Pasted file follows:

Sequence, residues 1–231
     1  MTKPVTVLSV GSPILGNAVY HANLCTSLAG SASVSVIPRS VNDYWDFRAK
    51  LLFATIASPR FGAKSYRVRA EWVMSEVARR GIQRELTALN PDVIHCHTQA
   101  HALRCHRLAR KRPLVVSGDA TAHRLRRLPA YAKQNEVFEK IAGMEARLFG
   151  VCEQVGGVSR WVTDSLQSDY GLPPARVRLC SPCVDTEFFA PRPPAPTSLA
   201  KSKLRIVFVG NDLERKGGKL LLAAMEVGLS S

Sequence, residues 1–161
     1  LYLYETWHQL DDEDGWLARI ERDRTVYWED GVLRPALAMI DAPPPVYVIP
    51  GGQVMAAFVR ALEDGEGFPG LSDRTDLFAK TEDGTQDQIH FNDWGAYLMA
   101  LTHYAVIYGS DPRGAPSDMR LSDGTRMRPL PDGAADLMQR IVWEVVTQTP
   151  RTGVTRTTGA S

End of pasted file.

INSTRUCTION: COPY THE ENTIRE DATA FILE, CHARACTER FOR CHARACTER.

Sequence, residues 1–231
     1  MTKPVTVLSV GSPILGNAVY HANLCTSLAG SASVSVIPRS VNDYWDFRAK
    51  LLFATIASPR FGAKSYRVRA EWVMSEVARR GIQRELTALN PDVIHCHTQA
   101  HALRCHRLAR KRPLVVSGDA TAHRLRRLPA YAKQNEVFEK IAGMEARLFG
   151  VCEQVGGVSR WVTDSLQSDY GLPPARVRLC SPCVDTEFFA PRPPAPTSLA
   201  KSKLRIVFVG NDLERKGGKL LLAAMEVGLS S

Sequence, residues 1–161
     1  LYLYETWHQL DDEDGWLARI ERDRTVYWED GVLRPALAMI DAPPPVYVIP
    51  GGQVMAAFVR ALEDGEGFPG LSDRTDLFAK TEDGTQDQIH FNDWGAYLMA
   101  LTHYAVIYGS DPRGAPSDMR LSDGTRMRPL PDGAADLMQR IVWEVVTQTP
   151  RTGVTRTTGA S